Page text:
I was taught the usual fundamentalist Christian ideas: God created the universe, and that is the end of the discussion. There is no evolution and there was no big bang, and don’t ever question it or listen to what those evil others (atheists) tell you.

Unfortunately, that’s not what they teach you in public school. Being practically scientific fact and all, evolution and the big bang are pretty widely taught in grade school science classes (of course, not without the disclaimer first that anyone who doesn’t believe in these ideas doesn’t have to personally accept them). I was one of those kids on the day that my 6th grade science teacher showed us a video about the big bang and the formation of the earth. I couldn’t believe that someone would try to teach me about the non-Christian (read: evil) option of origins. However, it didn’t take much of the video to convince me that the idea of a big bang wasn’t so impossible. In fact, I didn’t see anything hard to believe about it at all, unlike the concept of creation.

This video sparked the beginning of my skepticism. I had never really liked going to church anyways. I’d never understood how anyone had been able to accurately record the creation story in the first place if no one was there to witness it, and I didn’t know why people believed that humans used to live to be 900 years old but nowadays they couldn’t. I never asked about it, though, because something told me that my mother probably wouldn’t have the answers.

From then on until high school, I didn’t really have a name for what I was. At first, I just called it I-don’t-think-I-believe-in-God-but-whatever (a convenient excuse to not pay attention in church), then what-makes-anyone-think-they-know-all-the-answers (non-labeled agnosticism), then I’m-not-a-Christian-but-I’m-not-an-atheist-because-that’s-bad, then you know the rest. Until recently I’ve said I’ve been an atheist since 6th grade, but it definitely wasn’t that clean cut. I didn’t truly accept atheism until coming to a Christian college.

I was planning to attend this college since I was young. My mother knew it would be perfect for me with the Christian atmosphere, rigorous academics, and the location. I knew that there was a heavy Christian foundation here, but I figured that it wouldn’t be too bad and the good would outweigh the negatives. If I could choose schools again, I don’t know if I still would have come here, although the atmosphere and the coursework have grown my interest in atheism and influenced this self-discovery immensely.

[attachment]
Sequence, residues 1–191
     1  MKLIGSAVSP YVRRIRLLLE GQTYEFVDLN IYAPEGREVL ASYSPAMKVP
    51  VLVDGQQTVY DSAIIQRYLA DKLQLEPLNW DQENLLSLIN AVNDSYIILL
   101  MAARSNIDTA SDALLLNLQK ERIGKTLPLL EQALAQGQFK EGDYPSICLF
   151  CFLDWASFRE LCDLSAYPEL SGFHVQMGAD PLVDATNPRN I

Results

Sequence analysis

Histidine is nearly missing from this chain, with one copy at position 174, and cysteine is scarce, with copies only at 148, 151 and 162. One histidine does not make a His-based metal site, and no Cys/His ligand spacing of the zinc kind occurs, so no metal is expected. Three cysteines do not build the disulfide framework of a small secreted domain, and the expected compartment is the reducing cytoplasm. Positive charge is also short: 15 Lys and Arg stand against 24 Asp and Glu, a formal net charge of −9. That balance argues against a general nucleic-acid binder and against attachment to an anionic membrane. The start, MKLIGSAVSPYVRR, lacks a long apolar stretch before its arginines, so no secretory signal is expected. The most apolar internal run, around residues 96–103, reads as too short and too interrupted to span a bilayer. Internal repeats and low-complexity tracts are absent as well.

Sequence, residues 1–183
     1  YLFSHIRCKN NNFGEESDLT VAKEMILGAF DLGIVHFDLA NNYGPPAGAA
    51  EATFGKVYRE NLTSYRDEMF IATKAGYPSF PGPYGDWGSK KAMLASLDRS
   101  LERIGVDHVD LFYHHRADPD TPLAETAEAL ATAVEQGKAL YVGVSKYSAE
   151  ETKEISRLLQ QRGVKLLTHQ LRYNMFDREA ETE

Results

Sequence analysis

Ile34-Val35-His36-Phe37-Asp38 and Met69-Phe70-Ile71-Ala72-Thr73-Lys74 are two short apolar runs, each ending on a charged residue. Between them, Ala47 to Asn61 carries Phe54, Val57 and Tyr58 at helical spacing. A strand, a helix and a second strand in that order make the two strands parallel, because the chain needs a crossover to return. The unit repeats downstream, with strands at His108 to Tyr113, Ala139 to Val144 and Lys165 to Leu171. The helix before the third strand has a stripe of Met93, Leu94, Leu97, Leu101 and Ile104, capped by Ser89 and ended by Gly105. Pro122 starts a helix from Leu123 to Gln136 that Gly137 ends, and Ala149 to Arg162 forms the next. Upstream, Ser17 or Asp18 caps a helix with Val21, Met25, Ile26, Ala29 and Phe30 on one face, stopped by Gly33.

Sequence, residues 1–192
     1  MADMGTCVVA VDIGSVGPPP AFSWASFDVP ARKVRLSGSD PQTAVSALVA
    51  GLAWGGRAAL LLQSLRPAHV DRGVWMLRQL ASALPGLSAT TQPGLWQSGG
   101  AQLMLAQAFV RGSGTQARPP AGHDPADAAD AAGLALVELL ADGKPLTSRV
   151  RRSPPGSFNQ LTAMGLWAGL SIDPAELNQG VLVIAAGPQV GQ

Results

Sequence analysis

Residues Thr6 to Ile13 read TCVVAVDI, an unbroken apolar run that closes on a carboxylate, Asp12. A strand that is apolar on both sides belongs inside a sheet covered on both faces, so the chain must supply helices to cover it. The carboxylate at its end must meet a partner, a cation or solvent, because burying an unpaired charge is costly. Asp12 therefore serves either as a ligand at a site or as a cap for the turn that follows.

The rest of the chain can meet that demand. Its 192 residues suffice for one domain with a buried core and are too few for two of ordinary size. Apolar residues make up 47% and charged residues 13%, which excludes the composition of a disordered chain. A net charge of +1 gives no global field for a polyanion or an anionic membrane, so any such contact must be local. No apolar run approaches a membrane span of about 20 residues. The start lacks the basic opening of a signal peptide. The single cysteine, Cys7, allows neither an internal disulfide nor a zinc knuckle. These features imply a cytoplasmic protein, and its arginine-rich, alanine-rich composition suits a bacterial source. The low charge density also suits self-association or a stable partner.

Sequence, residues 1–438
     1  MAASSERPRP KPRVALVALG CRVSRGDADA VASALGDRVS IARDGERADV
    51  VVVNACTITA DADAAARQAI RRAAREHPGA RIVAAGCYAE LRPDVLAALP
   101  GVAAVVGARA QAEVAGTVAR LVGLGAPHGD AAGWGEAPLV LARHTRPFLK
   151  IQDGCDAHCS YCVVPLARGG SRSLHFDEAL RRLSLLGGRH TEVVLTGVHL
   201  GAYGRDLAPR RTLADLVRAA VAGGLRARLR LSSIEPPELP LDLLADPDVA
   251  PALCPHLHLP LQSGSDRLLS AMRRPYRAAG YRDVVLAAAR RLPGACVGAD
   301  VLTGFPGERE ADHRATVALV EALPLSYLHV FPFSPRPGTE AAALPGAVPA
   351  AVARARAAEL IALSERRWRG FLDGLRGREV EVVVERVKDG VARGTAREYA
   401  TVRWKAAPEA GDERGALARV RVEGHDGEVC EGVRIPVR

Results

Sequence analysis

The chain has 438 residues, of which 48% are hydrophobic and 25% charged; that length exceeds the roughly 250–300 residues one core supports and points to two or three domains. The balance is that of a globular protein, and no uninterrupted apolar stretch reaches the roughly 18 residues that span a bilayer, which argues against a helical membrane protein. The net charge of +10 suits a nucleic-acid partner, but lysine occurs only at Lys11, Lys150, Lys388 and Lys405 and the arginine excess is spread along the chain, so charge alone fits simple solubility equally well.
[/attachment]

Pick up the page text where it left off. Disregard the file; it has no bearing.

My college has a series of 6 Christian-worldview-based core humanities classes and one Science and Faith course. As it turns out, these classes have become some of my favorites because they can infuriate me, make me consider what Christians believe and what I believe, and show me the good and bad of both sides.

The class here that I am the most truly grateful for is called Civilization and the Speculative Mind. My professor was one of the most humble Christians that I have met, and it showed in his teaching. Being from the philosophy department, he taught the class from a philosophical manner. He compared the worldviews of theism, deism, naturalism, nihilism, and existentialism. I began the class with an open mind, and I was excited to learn about these worldviews and hopefully identify which one aligned with my beliefs. I ended up enjoying learning about naturalism the most, and I decided that of these five perspectives, I would consider myself more naturalist than anything else. It was this time when I started using the word naturalist to describe myself; I wasn’t quite ready for the word “atheist” yet, but I was getting more comfortable with admitting to myself what I believe and don’t believe and how I answer life’s big questions.

All six of these humanities classes require a big term paper near the end of the semester. It is at the professor’s discretion to decide what the paper can cover, and for this class, we had to write something persuasive that related to anything we had discussed in class all semester. He said it should leave the reader legitimately questioning their beliefs if they went into it with the opposite view of what the writer is arguing. I didn’t want to take on the task of trying to convince a religious philosophy professor that God doesn’t exist, so I decided that I could argue against some points made in one of our textbooks. For the most part, the class had regarded naturalism fairly; it was honest about the ups and downs of a Godless worldview, but this textbook made the bold claim that all naturalism leads to depressing, meaningless nihilism. I took on the task of spending ten pages arguing why naturalism does not inherently lead to nihilism.